The University of Wyoming Carbon Management Institute (CMI) and industry partner Baker Hughes have finished drilling and collecting data from a 12,810-foot-deep stratigraphic test well designed to help researchers evaluate southwestern Wyoming’s Rock Springs Uplift as a potential geological CO₂ storage site.
The $16.9 million Wyoming Carbon Underground Storage Project (WY-CUSP) is managed by CMI and co-sponsored by the U.S. Department of Energy’s Office of Fossil Energy. The project began in December 2009 and is scheduled for completion in December 2012. It will produce a detailed characterization of two deep saline aquifers in the Rock Springs Uplift for potential pilot- and commercial-scale CO₂ storage.
Preliminary data from prior research indicated that the Rock Springs Uplift could store 26 billion tons of CO₂ over 50 years. It has been targeted for carbon storage due to the geological setting and its proximity to some of the state’s largest sources of anthropogenic CO2emissions.
CMI recovered 912 feet of core from the well, significantly more than the planned 720 feet. PetroArc International, a Houston-based high-resolution imaging firm, is now photographing the core sections at CMI’s office in Laramie. WY-CUSP researchers will perform additional analyses once the core has been logged and photographed, paying special attention to any fractures in the rock formations.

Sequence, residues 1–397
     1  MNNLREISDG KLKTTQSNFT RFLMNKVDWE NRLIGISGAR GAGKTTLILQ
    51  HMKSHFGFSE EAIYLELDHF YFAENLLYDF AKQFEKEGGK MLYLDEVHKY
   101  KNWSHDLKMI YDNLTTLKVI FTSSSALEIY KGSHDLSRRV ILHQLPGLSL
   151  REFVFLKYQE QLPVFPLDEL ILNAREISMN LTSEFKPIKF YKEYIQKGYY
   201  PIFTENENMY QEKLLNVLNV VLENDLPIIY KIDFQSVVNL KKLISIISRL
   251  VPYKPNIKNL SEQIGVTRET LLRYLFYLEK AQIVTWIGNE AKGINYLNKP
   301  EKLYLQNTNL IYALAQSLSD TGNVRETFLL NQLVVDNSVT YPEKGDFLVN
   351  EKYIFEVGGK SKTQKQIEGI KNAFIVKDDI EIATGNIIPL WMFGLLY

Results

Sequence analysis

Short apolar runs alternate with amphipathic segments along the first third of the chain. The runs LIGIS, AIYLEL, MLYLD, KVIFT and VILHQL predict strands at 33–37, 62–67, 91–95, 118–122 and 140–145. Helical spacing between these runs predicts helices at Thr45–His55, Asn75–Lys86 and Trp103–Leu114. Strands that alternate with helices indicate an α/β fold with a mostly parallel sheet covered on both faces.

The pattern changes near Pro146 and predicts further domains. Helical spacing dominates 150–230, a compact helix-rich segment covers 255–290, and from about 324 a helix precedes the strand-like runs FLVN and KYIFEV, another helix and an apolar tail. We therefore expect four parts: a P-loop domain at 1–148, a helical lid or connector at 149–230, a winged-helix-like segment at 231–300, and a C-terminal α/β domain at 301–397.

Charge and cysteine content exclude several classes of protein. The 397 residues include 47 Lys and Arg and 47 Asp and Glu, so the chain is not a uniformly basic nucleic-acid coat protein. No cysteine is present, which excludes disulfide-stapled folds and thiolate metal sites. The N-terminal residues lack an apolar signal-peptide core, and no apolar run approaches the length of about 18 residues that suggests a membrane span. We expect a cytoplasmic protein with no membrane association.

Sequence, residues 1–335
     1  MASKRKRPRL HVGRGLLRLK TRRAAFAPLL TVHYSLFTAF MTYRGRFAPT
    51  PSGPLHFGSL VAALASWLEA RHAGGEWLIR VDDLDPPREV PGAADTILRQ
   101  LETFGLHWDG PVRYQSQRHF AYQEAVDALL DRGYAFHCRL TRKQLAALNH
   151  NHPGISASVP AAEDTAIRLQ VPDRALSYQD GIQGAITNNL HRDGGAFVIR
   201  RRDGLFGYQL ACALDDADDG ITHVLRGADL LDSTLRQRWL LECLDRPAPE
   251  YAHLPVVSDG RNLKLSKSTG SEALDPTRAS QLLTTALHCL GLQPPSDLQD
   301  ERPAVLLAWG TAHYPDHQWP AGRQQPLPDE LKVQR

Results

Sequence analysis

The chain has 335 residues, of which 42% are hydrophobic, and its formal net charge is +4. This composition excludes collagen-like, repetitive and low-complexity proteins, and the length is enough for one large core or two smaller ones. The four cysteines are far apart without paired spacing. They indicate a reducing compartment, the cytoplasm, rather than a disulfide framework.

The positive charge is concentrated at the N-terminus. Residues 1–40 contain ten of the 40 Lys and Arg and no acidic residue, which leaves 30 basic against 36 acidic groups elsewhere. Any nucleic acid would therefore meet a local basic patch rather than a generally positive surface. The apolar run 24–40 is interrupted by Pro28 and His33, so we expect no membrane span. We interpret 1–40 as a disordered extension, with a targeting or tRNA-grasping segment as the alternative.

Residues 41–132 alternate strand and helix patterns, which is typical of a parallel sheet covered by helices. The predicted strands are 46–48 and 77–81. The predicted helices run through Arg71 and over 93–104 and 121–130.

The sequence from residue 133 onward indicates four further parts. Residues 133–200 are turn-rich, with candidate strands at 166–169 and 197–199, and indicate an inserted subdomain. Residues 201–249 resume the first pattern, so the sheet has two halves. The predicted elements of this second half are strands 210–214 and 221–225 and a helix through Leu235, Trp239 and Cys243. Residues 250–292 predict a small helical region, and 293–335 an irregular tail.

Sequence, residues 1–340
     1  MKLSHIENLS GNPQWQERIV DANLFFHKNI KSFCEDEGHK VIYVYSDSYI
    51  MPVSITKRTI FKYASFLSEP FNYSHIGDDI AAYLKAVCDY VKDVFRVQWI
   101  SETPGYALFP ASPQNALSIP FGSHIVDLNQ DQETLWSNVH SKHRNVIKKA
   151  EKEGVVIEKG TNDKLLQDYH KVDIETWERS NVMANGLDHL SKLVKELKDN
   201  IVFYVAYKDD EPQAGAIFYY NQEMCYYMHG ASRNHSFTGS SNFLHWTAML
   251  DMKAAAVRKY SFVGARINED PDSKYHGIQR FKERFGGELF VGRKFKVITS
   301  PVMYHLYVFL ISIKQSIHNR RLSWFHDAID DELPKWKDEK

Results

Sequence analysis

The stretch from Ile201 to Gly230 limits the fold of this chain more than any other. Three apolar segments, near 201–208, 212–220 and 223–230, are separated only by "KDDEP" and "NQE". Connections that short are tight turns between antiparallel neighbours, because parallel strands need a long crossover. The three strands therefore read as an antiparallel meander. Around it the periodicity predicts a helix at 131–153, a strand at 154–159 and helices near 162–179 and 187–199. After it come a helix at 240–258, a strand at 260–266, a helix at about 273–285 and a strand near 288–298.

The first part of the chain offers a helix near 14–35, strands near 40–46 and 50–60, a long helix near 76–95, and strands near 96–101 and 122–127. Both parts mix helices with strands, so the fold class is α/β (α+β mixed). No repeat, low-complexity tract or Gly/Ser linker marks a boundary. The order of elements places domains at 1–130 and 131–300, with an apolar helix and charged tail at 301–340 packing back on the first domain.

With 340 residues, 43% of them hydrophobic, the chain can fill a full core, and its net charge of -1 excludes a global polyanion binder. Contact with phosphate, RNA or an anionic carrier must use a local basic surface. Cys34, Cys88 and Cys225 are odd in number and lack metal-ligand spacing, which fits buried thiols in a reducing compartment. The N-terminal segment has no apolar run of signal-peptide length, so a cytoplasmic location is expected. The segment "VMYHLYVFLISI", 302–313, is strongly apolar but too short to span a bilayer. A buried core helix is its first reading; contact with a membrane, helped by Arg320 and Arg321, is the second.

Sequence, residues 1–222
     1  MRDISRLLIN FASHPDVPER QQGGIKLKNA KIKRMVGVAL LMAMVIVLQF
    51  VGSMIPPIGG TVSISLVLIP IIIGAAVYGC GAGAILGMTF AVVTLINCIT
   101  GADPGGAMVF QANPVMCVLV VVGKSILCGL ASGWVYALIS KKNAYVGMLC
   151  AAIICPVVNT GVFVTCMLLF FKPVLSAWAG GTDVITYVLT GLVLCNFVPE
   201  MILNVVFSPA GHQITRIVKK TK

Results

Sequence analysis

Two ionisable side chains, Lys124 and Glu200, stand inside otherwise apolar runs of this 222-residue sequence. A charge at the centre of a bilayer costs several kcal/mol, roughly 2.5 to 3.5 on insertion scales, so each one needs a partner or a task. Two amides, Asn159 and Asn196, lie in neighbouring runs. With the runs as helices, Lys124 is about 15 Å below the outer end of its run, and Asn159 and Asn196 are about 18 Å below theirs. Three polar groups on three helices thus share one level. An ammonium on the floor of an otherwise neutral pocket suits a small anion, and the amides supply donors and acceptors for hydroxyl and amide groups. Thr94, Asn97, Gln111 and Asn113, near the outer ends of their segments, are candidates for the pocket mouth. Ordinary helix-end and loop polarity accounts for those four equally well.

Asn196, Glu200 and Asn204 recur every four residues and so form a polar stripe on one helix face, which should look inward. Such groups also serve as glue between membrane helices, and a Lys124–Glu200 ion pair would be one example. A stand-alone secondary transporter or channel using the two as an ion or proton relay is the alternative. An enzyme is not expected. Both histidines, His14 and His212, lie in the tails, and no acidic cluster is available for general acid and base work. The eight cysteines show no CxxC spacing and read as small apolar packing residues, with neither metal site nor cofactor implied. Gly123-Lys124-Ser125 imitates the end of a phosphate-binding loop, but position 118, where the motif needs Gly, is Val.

Additionally, project scientists will study a comprehensive wireline log suite from the test well, fluid samples collected from the potential CO₂ storage reservoirs and results of microfrac testing of the storage reservoirs and primary sealing formation.
The data logs will provide information about the porosity, permeability, geologic structure, and other characteristics of the storage and sealing formations at the site.
Researchers will analyze fluid samples for trace elements, alkalinity, hardness and many other parameters. These data, along with laboratory test results, will help determine whether CO₂ will dissolve in formation fluids and/or react with compounds present in the storage reservoirs to form minerals. Microfrac tests of the storage reservoirs and primary seal will allow CMI to evaluate the strength of the rock layers comprising the various formations.
The Baker Hughes crew began to disassemble the drilling rig on Aug. 30. All equipment has since been removed from the site; the well has been temporarily capped, but can be accessed later if necessary.